Reporting a consensus-beating second-quarter profit of more than €1 billion ($1.1 billion) on 28 July, the European airline group expressed no concerns about revenue recovery or growth, noting that any corporate travel weakness was being offset by strong leisure demand, particularly in the premium segment.
But after flagging a slow corporate travel recovery in the first quarter, IAG saw that trend continue into the second three months of the year, prompting it to reconsider when its volumes in the segment will reach 80-85% of those seen in 2019 – a milestone it had previously forecast for later this year.
Notably, corporate travel volumes at British Airways did not improve in the April-June period, having consistently risen at 10% each quarter since the same three months of 2022.
That left BA business-travel volumes at 60-61% of 2019 levels in the quarter, on revenue at around 69%.
“It is true that the volume of flight cancellations does not help but we [still] see that things had not been improving recently,” said IAG chief executive Luis Gallego during an earnings call, referencing some of the operational challenges faced by BA and Aer Lingus in recent months.
Iberia, meanwhile, saw corporate volumes at around 82% of pre-Covid levels in the quarter, on revenues at 95%, continuing a trend that has seen the Spanish flag carrier recover much more quickly in that segment.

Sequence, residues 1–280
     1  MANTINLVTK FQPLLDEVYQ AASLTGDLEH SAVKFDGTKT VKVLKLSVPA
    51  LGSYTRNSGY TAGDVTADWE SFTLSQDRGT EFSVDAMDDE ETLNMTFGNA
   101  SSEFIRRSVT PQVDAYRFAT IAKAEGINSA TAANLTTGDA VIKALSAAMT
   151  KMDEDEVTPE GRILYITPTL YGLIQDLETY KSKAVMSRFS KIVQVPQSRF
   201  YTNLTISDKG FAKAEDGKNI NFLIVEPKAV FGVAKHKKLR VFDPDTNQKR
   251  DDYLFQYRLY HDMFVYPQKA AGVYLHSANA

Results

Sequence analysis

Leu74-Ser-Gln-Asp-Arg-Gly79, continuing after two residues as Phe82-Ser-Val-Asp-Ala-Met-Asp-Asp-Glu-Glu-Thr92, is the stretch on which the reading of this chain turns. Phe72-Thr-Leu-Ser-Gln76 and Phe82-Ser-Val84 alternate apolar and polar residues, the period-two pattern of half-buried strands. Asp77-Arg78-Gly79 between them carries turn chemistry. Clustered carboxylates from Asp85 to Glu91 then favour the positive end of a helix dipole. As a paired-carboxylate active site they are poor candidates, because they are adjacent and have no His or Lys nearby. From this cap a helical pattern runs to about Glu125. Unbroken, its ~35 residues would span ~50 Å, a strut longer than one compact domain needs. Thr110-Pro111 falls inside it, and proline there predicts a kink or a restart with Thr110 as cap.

Gallego says the difference between the performance of IAG’s two biggest airlines reflects a “correlation between business travel and people returning to the office”. In that regard, the corporate markets served by BA – and, he says, Aer Lingus – still feature much more home-working than those served by Iberia.
The IAG chief also observes that long-haul business trips of more than two days have been recovering faster than shorter trips.
“But we are more optimistic about the future,” Gallego says. “For the third quarter, BA is forecast to reach 68% of corporate traffic compared with 2019.
“When we look at September, for example, business bookings are coming well and are ahead of the expectations that we had.”
Still, having said as recently as May that the group expected to reach 80-85% of 2019 corporate volumes later this year, IAG is now not so sure.
“Are we going to reach the 85% that we said? We think we are, but it is going to take more time than we thought,” Gallego says.
IAG chief financial officer Nicholas Cadbury had reiterated during the group’s first-quarter earnings briefing in early May that the group did not believe corporate travel would return to 100% of 2019 levels, amid changing working habits coming out of the pandemic.